1/3 cup shallots, coarsely chopped
    4 green onions, green and white parts chopped
    1/2 cup olive oil
    1/2 cup water
    Juice of 2 limes
    1/4 cup soy sauce
    1/2-to-1 Scotch bonnet chile, stemmed, seeded, and chopped
    3 large cloves garlic, coarsely chopped
    1 cup ketchup
    2 tablespoons allspice
    1 teaspoon nutmeg
    1 teaspoon cinnamon
    2 tablespoons ground ginger
    1 teaspoon dried thyme
    4 (4-6 ounces) skinless bone-in chicken breasts
    1 cup fresh pineapple, chopped
    1 cup fresh mango, chopped
    2 tablespoons onion, chopped
    1 tablespoon jalapeno, minced
    1/4 cup fresh cilantro, chopped
    1/4 cup lime juice
    Salt
    Pepper

    In a food processor or blender, combine the shallots, green onions, oil, water, lime juice, soy sauce, Scotch bonnet, garlic, ketchup, allspice, nutmeg, cinnamon, ginger, and thyme and process until a smooth paste forms. Set aside.

    Wash the chicken breasts and pat dry. Using rubber gloves cover each breast with the jerk paste.

    Place the chicken in a resealable plastic bag and refrigerate for 4 to 8 hours.

    Prepare a charcoal or gas barbecue for indirect grilling, placing a drip pan under the cool side of the grill rack. Preheat to 350ºF.

    Make sure the grill rack is clean and oil it thoroughly with nonstick cooking spray.

    Remove the chicken from the bag and transfer to the prepared grill rack over direct heat.

    Cook for 5 minutes per side, then move the chicken to the cool side of the grill and cook for 10 to 15 minutes longer per side, until the internal temperature reaches 160ºF.

    Remove the chicken from the grill and let stand, covered, for 10 minutes.
    Meanwhile, prepare the salsa by combining the pineapple, mango, onion, jalapeno, cilantro, and lime juice in a food processor and pulsing 3 or 4 times until the ingredients are chopped, but still chunky.

    Remove to a bowl, season with salt and pepper, and set aside.

    Serve each breast topped with a generous portion of salsa.

    Brown Bag Apple Pie

    This pie is cooked over a cookie sheet or several sheets of heavy duty aluminum foil, in a large grocery store brown paper bag. I like to bring the bag right to the table on a serving tray, tear open the bag, and enjoy the reaction. Dole out succulent slices with a slab of extra-sharp Cheddar alongside each serving.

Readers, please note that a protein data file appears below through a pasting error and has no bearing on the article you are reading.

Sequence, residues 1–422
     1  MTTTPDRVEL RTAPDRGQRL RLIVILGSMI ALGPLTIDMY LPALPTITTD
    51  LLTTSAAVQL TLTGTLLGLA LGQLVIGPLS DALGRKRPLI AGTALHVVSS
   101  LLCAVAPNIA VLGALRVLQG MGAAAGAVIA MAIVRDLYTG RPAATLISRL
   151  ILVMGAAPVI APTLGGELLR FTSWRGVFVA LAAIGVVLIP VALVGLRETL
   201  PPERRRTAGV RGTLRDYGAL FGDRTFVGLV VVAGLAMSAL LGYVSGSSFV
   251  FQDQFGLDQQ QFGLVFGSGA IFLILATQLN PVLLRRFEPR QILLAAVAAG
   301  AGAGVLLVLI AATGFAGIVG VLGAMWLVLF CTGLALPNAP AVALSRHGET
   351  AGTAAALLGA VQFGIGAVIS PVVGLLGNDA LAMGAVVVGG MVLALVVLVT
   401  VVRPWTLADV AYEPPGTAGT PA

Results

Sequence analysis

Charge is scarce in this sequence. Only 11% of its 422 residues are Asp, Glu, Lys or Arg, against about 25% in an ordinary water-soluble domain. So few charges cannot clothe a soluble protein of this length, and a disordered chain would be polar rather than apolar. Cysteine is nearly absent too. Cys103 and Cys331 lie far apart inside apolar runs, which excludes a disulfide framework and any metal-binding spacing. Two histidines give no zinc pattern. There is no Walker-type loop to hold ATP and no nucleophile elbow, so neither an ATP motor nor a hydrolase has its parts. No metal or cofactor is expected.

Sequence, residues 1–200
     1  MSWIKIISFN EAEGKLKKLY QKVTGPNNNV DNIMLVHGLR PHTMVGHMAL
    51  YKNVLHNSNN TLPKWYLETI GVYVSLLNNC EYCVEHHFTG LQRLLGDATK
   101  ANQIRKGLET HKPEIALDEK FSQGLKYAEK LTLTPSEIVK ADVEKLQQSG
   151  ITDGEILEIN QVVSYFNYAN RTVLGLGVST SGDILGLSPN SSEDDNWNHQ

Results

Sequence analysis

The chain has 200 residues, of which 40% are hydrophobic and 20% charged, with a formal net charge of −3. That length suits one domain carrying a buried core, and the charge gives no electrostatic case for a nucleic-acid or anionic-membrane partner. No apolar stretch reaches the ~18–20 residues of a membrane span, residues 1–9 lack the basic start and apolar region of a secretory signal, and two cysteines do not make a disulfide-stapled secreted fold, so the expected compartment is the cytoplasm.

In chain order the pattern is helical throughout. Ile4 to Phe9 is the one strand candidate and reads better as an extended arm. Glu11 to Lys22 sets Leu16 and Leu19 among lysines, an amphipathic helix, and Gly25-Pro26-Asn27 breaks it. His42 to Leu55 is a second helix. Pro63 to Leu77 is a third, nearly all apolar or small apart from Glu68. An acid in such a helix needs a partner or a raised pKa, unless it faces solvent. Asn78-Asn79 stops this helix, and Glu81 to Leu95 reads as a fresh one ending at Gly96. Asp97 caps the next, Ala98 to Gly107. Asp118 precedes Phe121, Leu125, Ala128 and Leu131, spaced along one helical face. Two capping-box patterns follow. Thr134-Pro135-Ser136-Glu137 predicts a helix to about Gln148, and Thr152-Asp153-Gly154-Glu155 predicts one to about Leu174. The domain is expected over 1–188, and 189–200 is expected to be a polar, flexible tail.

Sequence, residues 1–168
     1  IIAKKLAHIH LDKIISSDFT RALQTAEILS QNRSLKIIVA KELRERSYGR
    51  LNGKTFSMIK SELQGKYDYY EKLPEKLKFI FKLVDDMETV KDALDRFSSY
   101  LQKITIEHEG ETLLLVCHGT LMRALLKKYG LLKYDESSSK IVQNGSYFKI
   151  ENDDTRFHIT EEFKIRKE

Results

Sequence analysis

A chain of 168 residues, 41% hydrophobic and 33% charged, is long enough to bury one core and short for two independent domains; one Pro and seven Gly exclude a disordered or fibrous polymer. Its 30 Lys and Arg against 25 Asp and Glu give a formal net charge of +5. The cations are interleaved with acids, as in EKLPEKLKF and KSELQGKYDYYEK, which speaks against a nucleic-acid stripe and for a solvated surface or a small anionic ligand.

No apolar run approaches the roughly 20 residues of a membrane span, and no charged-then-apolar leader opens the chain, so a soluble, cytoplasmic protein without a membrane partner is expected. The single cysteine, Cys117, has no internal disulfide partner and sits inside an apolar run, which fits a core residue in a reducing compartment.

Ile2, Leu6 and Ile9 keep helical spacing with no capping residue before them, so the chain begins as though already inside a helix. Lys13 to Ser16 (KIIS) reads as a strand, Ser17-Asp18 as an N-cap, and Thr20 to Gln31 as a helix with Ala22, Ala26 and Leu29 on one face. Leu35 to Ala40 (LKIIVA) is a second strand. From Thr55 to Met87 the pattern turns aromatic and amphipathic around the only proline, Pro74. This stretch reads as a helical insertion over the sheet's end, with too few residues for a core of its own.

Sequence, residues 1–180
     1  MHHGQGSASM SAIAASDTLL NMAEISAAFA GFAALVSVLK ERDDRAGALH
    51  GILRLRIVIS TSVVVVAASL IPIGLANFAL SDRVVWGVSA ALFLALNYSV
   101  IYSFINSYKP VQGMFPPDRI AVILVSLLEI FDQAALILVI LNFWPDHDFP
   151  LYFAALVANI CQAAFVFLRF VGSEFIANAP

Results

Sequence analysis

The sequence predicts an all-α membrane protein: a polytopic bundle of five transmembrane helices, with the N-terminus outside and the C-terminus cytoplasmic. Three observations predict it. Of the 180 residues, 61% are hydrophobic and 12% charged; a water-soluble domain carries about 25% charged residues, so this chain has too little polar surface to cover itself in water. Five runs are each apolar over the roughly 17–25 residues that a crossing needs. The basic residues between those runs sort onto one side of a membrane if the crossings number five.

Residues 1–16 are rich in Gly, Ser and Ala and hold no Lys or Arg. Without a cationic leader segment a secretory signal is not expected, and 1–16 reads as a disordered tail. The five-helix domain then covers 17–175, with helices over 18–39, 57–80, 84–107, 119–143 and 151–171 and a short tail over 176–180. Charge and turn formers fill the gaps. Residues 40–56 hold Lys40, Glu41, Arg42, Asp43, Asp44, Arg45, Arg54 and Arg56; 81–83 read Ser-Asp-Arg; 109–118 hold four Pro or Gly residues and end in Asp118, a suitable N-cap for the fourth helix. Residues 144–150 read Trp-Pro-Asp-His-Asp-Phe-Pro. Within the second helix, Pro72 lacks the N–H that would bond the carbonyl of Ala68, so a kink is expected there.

3 cups plus 2 tablespoons flour
    1/2 teaspoon salt
    1/2 cup shortening
    5 tablespoons ice water
    1/4 cup granulated sugar
    1/2 teaspoon nutmeg, ground
    1 teaspoon cinnamon
    1/8 teaspoon cloves, ground
    2 tablespoons lemon juice
    8 cups apples, sliced
    1/2 cup brown sugar, firmly packed
    2/3 stick butter, unsalted
    Vanilla ice cream (optional)
    Extra-sharp Cheddar cheese, sliced thickly (optional)

    Preheat a charcoal or gas grill to 400°F.

    In a mixing bowl, combine 2 ½ cups of the flour, salt, and shortening.

    Using an electric mixer, beat until the mixture resembles coarse crumbs. Stir in the water a little bit at a time, until the dough forms a ball.

    On a lightly floured surface, roll out the dough to an 11 or 12-inch round and fit into a 9-inch pie pan, fluting the edges.

    In a large bowl, combine the sugar, 2 tablespoons of the flour, nutmeg, cinnamon, cloves, and lemon juice.

    Add the apples, stirring to coat. Transfer the apple mixture to the pie pan, smoothing out the filling; set aside

    To prepare the topping, in a bowl, combine the brown sugar and the remaining ½ cup of flour.

    Using 2 knives or a pastry blender, cut in the butter until the mixture resembles coarse crumbs.

    Sprinkle the topping evenly over the apple filling.

    Place the pie in the brown paper bag and transfer the bag to a baking sheet; loosely fold the top of the bag under the pie.

    Transfer to the grill rack over direct heat.

    If you don't have a cookie or baking sheet, cut 3 large pieces of heavy-duty aluminum foil and cover the grill with this triple layer of foil.

    Close the grill lid and cook the pie until the apples are tender, 50 to 60 minutes.

    Carefully remove the pie from the bag, avoiding the hot steam when you open the bag.

    Serve with generous scoops of ice cream and slices of cheese, if desired.

    HOW DID RICK DO WITH OUR $40 BUDGET?

    1ST COURSE

    shallots .78
    white bread $2.59
    Stilton cheese $3.59
    sage $1.49
    parsley .60
    garlic .39
    mushrooms $1.89
    Paprika .79

    2ND COURSE

    green onions .55
    limes .90
    soy sauce $2.29
    scotch bonnet .10
    allspice $2.39
    nutmeg .99
    ginger .97
    thyme $1.49
    chicken breasts $5.18
    pineapple $1.89
    mango $1.50
    onion .40
    jalapeno.20
    cilantro .89

    3RD COURSE

    flour .99
    shortening $2.49
    cloves $1.19
    lemon .75
    apples $2.58

    FINAL COST: $39.86!